Jesus Wept – Br. James Koester

Br. James Koester

Fifth Sunday in Lent

Ezekiel 37: 1 – 14
Psalm 130
Romans 8: 6 – 11
John 11: 1 – 45

I’m not sure how old I was. I might have been around 13 or so. One Sunday, our Rector, Mr. Pasterfield, challenged us in his sermon to find the shortest verse in the Bible. The one clue he gave us, was that this verse could be found in the Gospels. The rest was up to us. As the Brothers here in the community will tell you, I am often up for a challenge, and this one tweaked my budding inner theologian, so home I went, to see what I could find.

If I remember correctly, it took most of Sunday afternoon for me to find it, and I didn’t have any help from my parents. (In fact, I am not convinced that they knew either what the shortest verse was, or where to find it.) I started by skimming the chapters, and if I thought I had found it, I would count words, and then letters. Slowly I narrowed down the possibilities. At some point in the afternoon, much to my delight, I found it, right there on the thin onion skin pages of the King James Version of the Bible that sat on our bookshelves. It was just two words and only nine letters long: Jesus wept.[1] Continue reading

Staring Mercy in the Eye – Br. Jim Woodrum

Br. Jim Woodrum

Luke 16:19-31

When I began studying our gospel lesson for this morning, the first thing I thought of was an event from this past week that made all the major newspapers and has been circulating as a video on social media.  The video is of Senator Elizabeth Warren confronting Wells Fargo CEO John Stumpf about taking responsibility for fraud committed by his company who then scapegoated lower level employees.[i] Senator Warren’s examination of Mr. Stumpf was scathing and I have to confess I took a slight sadistic pleasure in seeing him wide-eyed and squirming as she fired question after question, admitting damning evidence into public record from what seemed to be this great chasm separating the two.  After seeing the video, I couldn’t help but to think how lucky the rich man in our gospel lesson was to have had his interchange with Father Abraham instead of Senator Warren.  While Abraham’s interaction with the wealthy man is firm, his tone is at least compassionate.  To be honest, I think my curiosity was more the result of my recognition and identification with Mr. Stumpf.  Throughout my life, I have at times made poor choices based on selfish motives.  I too have had to face up to my shortcomings, ask forgiveness, and make reparations for harm caused to those whom I’d hurt.  Perhaps you can relate. Continue reading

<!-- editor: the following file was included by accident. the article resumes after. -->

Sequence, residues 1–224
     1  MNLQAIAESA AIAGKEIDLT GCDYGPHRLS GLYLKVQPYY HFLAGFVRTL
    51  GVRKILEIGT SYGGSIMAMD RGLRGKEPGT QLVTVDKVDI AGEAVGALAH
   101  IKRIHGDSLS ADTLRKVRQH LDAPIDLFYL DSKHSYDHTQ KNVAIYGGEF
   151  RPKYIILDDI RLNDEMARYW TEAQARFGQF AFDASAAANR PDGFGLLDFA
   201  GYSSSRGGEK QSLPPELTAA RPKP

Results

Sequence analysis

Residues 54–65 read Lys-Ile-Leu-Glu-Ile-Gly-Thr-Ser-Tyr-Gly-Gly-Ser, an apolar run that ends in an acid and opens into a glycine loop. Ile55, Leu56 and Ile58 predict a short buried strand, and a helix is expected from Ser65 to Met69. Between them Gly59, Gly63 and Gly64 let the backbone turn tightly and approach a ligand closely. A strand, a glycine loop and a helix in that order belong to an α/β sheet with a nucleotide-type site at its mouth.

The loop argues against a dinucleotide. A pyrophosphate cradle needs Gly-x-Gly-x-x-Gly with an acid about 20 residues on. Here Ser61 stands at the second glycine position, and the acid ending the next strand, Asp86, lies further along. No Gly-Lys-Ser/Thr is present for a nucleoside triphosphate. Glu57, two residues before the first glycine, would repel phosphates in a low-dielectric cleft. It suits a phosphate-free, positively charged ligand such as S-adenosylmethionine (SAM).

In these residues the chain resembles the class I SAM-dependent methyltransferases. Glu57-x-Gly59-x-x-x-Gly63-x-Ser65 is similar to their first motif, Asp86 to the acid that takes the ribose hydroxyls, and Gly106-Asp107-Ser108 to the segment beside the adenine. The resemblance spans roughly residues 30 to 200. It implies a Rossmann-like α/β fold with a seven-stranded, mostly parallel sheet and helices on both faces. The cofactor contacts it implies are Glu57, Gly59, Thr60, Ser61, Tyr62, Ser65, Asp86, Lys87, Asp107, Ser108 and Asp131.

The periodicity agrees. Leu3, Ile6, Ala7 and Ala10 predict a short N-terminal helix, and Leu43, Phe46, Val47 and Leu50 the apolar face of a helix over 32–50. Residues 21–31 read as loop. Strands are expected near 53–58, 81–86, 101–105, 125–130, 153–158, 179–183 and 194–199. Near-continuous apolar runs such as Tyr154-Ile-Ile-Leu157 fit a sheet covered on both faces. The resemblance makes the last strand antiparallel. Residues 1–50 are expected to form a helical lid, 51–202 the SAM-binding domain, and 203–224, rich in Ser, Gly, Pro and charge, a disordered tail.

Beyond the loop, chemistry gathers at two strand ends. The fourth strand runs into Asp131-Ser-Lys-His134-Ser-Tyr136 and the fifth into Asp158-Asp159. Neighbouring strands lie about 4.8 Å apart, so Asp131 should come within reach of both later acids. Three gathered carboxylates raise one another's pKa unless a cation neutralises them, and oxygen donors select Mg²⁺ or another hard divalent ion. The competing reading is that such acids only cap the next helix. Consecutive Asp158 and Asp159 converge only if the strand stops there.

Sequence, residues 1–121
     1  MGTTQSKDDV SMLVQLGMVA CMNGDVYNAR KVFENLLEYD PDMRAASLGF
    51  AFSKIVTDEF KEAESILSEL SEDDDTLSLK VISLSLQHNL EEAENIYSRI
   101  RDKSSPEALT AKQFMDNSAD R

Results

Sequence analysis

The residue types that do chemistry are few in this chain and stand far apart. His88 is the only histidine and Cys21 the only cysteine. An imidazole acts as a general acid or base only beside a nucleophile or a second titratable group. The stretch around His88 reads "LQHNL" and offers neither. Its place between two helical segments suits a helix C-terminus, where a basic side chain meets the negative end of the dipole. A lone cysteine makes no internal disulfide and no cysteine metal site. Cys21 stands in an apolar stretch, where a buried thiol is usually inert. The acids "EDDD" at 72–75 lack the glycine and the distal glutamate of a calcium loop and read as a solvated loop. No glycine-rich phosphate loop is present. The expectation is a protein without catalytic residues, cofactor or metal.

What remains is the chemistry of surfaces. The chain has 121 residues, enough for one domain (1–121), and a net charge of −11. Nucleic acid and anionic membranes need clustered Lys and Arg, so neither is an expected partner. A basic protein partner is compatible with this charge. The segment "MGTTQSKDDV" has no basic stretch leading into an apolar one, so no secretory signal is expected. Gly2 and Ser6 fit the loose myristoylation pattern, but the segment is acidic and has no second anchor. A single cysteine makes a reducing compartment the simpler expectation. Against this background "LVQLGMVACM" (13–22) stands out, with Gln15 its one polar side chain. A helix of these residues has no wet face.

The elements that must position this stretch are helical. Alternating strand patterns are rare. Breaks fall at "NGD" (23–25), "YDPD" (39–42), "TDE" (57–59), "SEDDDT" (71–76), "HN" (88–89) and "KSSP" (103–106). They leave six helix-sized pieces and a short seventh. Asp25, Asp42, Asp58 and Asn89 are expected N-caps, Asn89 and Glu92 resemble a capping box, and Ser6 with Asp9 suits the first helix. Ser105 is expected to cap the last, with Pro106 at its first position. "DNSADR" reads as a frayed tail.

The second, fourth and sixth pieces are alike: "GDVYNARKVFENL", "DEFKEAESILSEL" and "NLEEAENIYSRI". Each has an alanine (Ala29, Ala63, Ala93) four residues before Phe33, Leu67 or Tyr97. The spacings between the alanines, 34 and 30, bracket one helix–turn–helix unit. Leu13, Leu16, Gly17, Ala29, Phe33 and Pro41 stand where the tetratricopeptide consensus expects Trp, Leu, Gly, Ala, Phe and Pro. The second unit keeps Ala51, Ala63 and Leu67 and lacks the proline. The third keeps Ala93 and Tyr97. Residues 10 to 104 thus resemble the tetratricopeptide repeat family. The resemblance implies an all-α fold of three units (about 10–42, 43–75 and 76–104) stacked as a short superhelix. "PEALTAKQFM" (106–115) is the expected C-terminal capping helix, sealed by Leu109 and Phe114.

The Gift of Tears – Br. Curtis Almquist

curtis4John 11:1-45

Whenever you are around people who are very, very happy, you will likely see tears.  These are tears of joy, wonder, gratitude, satisfaction that come from a deep place in a person’s soul, when someone has experienced a kind of greatness so amazing, almost too great to behold.  Something simply bursts with a release of ecstasy streaming down a person’s face.  Of all the things that can be planned in life, tears of joy and gladness do not need to be choreographed.  They simply happen.  And it is the same for the tears of sorrow, tears of pain or loss, burning the eyes like from the salt of the sea, and coming from a place as deep and endless as the ocean.  Tears of sorrow expose a person’s deepest vulnerabilities, longings, and losses. Continue reading